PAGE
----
Over the past few decades Toby Driver has taken a wide range of musical styles and spun them outwards into an avant-garde and sometimes hard to decipher mixture. maudlin of the Well explored some elements of metal through a wildly progressive context, while Kayo Dot has taken on everything from chamber music to electronic music (not to mention Driver’s diverse solo efforts). After spending some extended time on keyboard forward records with Coffins on Io and Plastic House on Base of Sky, 2019’s Blasphemy flipped the script once again in favor of a guitar focused record that felt closer to art/progressive rock in scope. It had a fair mixture of dark and lighter textures, and like anything else Kayo Dot has done there were numerous details waiting to be discovered on repeat listens. For album number ten, Moss Grew on the Swords and Plowshares Alike, Driver has looked far backwards towards the type of gothic metal and associated music he was listening to when maudlin of the Well came together. This has been reflected in the roster as well, with original maudlin of the Well members Jason Byron and Greg Massi coming back together to help Driver bring this latest vision to life. As with anything Kayo Dot related, it takes its influences, deconstructs them, and brings them back together into something adventurous, but the tone here is much darker and foreboding than the band has sounded in a while.
Let’s get a couple quick points out of the way: Jason Byron is once again contributing all lyrics as he has on many of the band’s releases, but he isn’t doing any vocal work on this album, and this isn’t a complete throwback to maudlin of the Well. Those that have followed Driver and company for some time know that they don’t fully repeat themselves even if there are some commonalities between albums, but Moss Grew on the Swords and Plowshares Alike is arguably the most metal leaning Kayo Dot has been since 2013’s Hubardo. Opener “The Knight Errant” begins with dreamier keyboards and airy guitar work that still has a bit of a rock feel to it, and it flows quite well with Blasphemy’s final track “Blasphemy: A Prophecy” (though that may or may not be intentional). But the further into the song you get, the darker and bleaker the tone becomes, with heavier distortion taking over from the melodies. This is where a lot of the gothic metal influences Driver mentioned in a recent interview come into play, as the songs seamlessly balance this sense of melancholy and dreariness with moments that feel like they can crush you into dust. Yet everything remains run through a progressive and experimental filter, as these songs tend to twist and turn in unexpected ways that give more depth. “Get Out of the Tower” remains one of my favorite numbers on the album, as it opens with a lumbering bass line that’s equal parts post punk and gothic rock, but as you get further in the guitar work pushes things into nightmarish psychedelic territory with free-flowing shredding that feels like it’s attacking you. Like some of the best material from this type of metal, there’s equal amounts of beauty and dread, but with the more progressive oriented structure these songs draw you in with initial hooks yet demand you spend extended time with them to find the details underneath the surface.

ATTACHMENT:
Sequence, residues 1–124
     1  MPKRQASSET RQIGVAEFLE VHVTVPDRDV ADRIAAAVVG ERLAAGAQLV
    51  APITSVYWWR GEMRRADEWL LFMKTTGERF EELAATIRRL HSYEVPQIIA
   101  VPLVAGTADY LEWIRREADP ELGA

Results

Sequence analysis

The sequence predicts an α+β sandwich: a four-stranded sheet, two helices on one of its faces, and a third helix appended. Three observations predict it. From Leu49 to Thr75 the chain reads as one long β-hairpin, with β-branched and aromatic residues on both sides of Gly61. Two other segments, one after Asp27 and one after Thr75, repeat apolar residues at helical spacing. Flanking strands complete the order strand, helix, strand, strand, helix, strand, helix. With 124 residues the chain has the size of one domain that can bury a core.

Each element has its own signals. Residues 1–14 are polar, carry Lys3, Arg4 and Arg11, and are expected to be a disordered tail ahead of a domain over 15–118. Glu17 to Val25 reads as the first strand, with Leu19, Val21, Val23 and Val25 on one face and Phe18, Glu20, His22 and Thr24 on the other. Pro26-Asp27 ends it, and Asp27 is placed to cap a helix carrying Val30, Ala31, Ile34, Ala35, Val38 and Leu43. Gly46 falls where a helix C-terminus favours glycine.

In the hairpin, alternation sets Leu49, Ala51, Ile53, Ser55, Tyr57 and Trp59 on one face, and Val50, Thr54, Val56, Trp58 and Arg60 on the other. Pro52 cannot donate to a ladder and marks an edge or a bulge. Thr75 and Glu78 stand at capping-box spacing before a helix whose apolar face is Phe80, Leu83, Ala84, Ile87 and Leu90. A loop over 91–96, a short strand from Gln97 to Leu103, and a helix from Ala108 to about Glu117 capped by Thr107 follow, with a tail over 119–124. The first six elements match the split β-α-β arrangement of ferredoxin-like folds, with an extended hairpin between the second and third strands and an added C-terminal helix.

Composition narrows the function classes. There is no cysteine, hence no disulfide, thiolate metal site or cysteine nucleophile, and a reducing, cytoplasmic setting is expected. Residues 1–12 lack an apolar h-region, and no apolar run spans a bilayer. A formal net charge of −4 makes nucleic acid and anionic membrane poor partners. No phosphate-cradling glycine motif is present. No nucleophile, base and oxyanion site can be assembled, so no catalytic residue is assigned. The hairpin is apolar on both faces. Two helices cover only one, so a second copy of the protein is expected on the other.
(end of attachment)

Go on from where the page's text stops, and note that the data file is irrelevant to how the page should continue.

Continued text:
Toby Driver’s spent so much time experimenting with different singing pitches in recent memory that it’s almost a shock to the system to hear this much of the album’s run times dedicated to more abrasive and distorted approaches. This is apparent right from the first minute of “The Knight Errant” where the tone is somewhere between singing and screaming, having a gruffer and biting edge without losing the ability to understand the lyrics. Driver captures just about everything in between as the material progresses, sometimes delivering very raw and powerful screams and growls and other times retaining some of the mystique and haunting singing that was a key part of Blasphemy. There is easily just as much to discover in the nuance of the vocal performance as the instrumentation, which once again makes this Kayo Dot record feel like a true journey into the unknown. Byron’s narrative also offers up darker themes and plenty to unravel, though that’s best left for listeners to discover for themselves outside of the context of a review.
Kayo Dot’s return towards metal and gothic influences retains the tonality and abrasive elements one would typically associate with some of those styles yet torn apart and transformed in ways that only this band knows how to do. It’s hardly the most out there and structureless album they’ve put out to date, but the balance here between accessibility and depth is spot-on and ensures that some metal fans that couldn’t fully get into the most avant-garde side of the band will still have plenty to be drawn in by here. There are numerous melodies and riffs that are still stuck in my head, while other details likely remain to be discovered, and that’s the sign of an album with considerable longevity. Moss Grew on the Swords and Plowshares Alike, is easily an end of year contender, and perhaps even one of the band’s most enjoyable releases in recent memory.
-Review by Chris Dahlberg
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